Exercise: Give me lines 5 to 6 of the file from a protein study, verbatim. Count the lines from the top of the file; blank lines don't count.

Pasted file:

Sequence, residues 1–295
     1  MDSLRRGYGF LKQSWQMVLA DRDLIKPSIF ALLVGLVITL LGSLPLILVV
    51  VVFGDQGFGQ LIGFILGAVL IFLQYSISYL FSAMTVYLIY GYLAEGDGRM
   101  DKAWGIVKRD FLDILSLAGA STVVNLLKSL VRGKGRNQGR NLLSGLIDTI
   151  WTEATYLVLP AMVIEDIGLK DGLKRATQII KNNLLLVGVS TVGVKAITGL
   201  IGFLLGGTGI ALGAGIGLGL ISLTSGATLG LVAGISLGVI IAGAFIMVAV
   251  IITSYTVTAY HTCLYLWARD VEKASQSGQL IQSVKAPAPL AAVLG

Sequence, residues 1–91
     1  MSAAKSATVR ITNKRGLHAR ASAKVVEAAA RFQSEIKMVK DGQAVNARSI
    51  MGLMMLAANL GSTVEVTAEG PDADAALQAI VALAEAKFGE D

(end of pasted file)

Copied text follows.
   151  WTEATYLVLP AMVIEDIGLK DGLKRATQII KNNLLLVGVS TVGVKAITGL
   201  IGFLLGGTGI ALGAGIGLGL ISLTSGATLG LVAGISLGVI IAGAFIMVAV